The playground behind Prescott Elementary School in south Lincoln is getting a makeover, from gravel-laden mess to landscaped Prescott Park.
The transformation began more than two years ago, after Lincoln Public Schools spent $6.2 million to renovate the 89-year-old school building but left the mature playground largely untouched.
Before Ruth Ann Wylie officially began her new duties as principal in 2009, she began meeting with the Prescott parent group and school/neighborhood advisory committee to talk about the playground.
"We started working together to say, 'What can we do about this?'" Wylie said.
They began having a summer festival behind the school for families and neighbors, showing movies on the big white outside wall of the gymnasium. The Near South Neighborhood Association started holding its ice cream social there. And neighbors, students, staff and families began to think about what they'd like to see on their playground.
"So our dream started being that this would be Prescott Park ... a place the neighborhood, the nursing home in the area could all use," Wylie said.
Those dreams -- supplemented by numerous meetings -- crystallized into a decision to build a walking path around the outside perimeter of the playground.
The idea dovetailed with the school's philosophy about wellness and staff's goals to help students live healthy, active lives.
"The walking path is an extension of that," she said. "We want kids to have ways to exercise."
And the walking path idea led to a set of plans -- and a much broader vision.
Dimensions consulting firm donated its time and helped the school draw up plans. School officials applied for grants and displayed maps, showing parents and neighbors the plans.
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The plans include not only the path but an outdoor classroom with a stage and a berm, a bridge and rain garden, and a place for kids to play soccer and baseball. Playground equipment, which the PTO bought a couple of years ago, will remain closest to the school.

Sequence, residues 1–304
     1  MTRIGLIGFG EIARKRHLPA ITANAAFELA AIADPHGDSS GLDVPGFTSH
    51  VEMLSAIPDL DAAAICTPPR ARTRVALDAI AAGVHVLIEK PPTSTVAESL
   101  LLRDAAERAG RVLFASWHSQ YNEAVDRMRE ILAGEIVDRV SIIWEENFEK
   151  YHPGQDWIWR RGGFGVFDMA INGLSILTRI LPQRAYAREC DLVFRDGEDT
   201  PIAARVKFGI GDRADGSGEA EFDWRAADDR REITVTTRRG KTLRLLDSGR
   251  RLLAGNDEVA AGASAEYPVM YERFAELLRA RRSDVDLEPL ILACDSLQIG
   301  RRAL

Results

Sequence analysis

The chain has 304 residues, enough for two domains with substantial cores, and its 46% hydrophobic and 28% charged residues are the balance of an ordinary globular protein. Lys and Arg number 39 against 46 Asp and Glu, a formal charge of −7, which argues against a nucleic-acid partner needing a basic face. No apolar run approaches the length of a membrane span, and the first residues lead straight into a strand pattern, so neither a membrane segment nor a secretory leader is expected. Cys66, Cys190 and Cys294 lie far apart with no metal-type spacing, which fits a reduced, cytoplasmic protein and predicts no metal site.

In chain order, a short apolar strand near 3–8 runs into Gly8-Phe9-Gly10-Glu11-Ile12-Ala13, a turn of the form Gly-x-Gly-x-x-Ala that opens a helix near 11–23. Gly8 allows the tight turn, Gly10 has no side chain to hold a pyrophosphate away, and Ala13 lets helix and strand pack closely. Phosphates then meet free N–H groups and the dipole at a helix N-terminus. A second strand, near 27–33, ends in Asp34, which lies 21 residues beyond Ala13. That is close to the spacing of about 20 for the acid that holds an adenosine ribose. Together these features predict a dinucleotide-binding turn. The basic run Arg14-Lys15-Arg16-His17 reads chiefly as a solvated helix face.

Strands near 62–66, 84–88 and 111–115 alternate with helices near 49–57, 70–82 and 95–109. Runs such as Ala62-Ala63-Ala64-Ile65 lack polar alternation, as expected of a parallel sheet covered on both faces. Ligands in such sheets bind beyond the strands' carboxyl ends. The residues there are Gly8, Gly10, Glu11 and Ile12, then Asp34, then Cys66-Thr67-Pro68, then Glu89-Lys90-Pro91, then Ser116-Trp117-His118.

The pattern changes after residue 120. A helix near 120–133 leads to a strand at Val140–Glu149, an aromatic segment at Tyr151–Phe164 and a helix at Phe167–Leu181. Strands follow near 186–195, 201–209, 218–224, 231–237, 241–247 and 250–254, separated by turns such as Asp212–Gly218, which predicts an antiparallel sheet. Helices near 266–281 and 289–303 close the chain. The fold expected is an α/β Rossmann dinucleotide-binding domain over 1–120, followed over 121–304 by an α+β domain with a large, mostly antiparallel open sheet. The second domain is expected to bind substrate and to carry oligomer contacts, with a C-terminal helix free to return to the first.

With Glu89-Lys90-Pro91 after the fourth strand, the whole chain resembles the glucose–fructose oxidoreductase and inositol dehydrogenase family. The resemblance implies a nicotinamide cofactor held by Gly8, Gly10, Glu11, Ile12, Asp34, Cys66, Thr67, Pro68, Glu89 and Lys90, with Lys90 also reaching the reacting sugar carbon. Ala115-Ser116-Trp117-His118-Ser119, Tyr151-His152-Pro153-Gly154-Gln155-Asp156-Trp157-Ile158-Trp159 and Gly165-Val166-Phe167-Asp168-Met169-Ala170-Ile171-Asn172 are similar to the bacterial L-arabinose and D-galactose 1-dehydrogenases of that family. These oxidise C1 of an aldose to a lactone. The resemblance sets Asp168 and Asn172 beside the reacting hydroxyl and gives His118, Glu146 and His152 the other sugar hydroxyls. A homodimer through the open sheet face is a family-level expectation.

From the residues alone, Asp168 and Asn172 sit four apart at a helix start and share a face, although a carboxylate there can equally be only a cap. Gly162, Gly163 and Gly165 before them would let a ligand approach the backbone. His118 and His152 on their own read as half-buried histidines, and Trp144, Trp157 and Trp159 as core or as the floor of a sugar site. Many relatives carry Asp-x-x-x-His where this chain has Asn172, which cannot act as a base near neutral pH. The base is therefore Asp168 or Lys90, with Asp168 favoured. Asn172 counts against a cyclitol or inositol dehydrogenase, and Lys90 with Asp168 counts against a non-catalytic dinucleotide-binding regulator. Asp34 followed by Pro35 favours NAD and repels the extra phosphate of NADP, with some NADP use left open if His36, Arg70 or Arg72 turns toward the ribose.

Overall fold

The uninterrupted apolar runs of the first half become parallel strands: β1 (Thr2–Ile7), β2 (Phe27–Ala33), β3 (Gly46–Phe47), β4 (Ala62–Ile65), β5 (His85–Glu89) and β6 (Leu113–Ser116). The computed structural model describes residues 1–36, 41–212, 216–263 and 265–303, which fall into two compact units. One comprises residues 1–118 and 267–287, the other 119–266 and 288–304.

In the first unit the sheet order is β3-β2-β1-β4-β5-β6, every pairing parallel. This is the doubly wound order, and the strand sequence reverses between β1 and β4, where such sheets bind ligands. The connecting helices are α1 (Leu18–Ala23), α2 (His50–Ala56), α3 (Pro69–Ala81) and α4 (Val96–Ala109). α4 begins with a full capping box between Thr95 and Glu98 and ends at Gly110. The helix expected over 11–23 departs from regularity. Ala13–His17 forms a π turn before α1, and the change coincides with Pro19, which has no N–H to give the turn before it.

A community garden will be on the south side of the building, and a new entrance to the park will be paid for with a $99,000 federal grant and will feature a lighted bicycle court.
The federal money was awarded through the Nebraska Department of Roads' Safe Routes to School Program, which promotes physical activity.
Total cost of the project is $252,250, Wylie said. The Near South Neighborhood Association donated as much as $10,000.
Last year, the school hosted its first walk-a-thon and raised $15,000. That paid for the walking path, which is now finished.
Other schools, such as Campbell and Maxey elementaries, have built walking paths, said facilities Director Scott Wieskamp. And schools like McPhee have revamped their playgrounds to include gardens and outdoor classroom areas.
But Prescott's vision is one of the more ambitious.
The second annual walk-a-thon to raise money for the next phase of the project is set for May 11. LPS Superintendent Steve Joel will cut a ceremonial ribbon and take a lap around the walking path with the kindergartners. Community leaders will be walking coaches for the different grades, and students will eat sack lunches outside.
Kids will walk all day -- each grade taking turns -- in hopes of raising more money for the project.
"We're just trying to get kids reconnected to nature," said parent Tammie Vacek. "It's promoting creativity, it's promoting healthy living. It really helps promote an exciting new way to learn."